More Managers, More Priorities

If we're not careful, the number of priorities will grow directly with the number of managers. Since a singular priority is the most useful kind of priority, this is a bad thing.

Growing managers, growing priorities

It might not be universal, I can't say. But it sure is observable and repeatable. If you hire more managers, you'll get more things to do -- more competing priorities.

Perhaps this is related to the common pitfall of solving most organizational problems with hiring. Perhaps its just the easiest management strategy. Things seem to tend that way.

Managers manage... something

Managers have to have something to manage, something to own. Else, why are they there? If it's just to look after people, they'll be a micromanager in no time and make their employees nervous and annoyed. So, they've got to have something to do.

And managers, like many workers, are often evaluated based on their impact. If they find a big initiative to take on, it'll show... initiative. But it's easy to confuse that busyness with helpful motion.

And we all like new and shiney things. There's the ever-present promise of the future. It will be solved as soon as we build the next big thing.

Managers need workers

So, new managers lead to new initiatives, and those things need a new team. These are connected. One predicts the other. Getting manager heavy, then, can quickly overburden the system.

So why were the managers hired in the first place? Probably because the company was trying to do too much. The problem is circular.

Real priorities

We have to choose what's really important to us -- to the business. It has to be strategic. The best priority is one priority. We work on it until it is delivered. It is, after all, the thing that will be of greatest value. There aren't two of those. If we delivered on this priority, it'd be the best possible thing we could do.

This isn't easy. Making a decision to do one thing means precluding another. And envisioning that priority usefully is a challenge as well. It has to be more concrete than the "Be the best at X by the end of the year".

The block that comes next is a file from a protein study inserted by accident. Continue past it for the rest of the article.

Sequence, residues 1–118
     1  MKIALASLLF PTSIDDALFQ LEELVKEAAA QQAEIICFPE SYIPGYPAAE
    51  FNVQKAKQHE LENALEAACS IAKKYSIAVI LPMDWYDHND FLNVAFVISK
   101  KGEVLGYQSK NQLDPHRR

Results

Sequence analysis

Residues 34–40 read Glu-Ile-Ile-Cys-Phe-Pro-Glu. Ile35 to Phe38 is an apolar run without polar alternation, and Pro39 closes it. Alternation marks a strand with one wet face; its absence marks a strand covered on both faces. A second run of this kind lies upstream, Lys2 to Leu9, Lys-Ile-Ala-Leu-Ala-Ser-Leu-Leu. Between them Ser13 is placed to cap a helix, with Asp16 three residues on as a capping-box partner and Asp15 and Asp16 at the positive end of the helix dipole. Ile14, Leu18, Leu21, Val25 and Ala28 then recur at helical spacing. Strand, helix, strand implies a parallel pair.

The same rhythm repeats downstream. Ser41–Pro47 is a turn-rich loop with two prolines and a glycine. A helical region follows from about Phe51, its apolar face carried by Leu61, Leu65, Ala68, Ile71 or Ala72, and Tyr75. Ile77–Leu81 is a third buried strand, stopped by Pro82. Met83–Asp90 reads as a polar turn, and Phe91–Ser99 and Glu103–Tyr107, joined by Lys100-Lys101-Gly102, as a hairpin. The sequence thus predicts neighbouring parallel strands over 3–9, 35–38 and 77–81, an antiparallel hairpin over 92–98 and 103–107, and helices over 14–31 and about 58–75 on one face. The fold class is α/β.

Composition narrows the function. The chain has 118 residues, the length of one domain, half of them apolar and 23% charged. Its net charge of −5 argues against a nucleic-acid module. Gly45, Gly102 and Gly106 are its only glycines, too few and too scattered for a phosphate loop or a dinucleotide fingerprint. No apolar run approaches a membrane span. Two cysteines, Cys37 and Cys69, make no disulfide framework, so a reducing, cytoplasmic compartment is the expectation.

Once the strategic priority is concrete enough to act under, the initiatives that spawn as children from managers and teams don't have the be different or separate. They can directly contribute to the one overall priority. Instead of doing one of everything, we can get everyone working on one thing. If there are a bunch of managers with teams that don't seem to be able to contribute meaningfully, that's another choice that having a clear priority helps make. And it will be painful to reverse this trend.


Of course, there are exceptions. What about the value of diversifying the bets we take in business? What about the teams that need to keep infrastructure working for all these iniatives that rely on it? What about span of control limitations for a manager? Yes, exceptions. But they should be seen that way. Or other solutions besides increasing the number of managers should be examined. It's too easy to have too many priorities and then too many managers and then too many initiatives, teams, and a system that can't keep up with everything it's committed to do.

A bit rambly because this touches tons of issues? Yes.

Hard problems? Yes.

Perhaps the first priority is to solve this problem: Make a single, concrete priority and organize such that every manager and team works on it.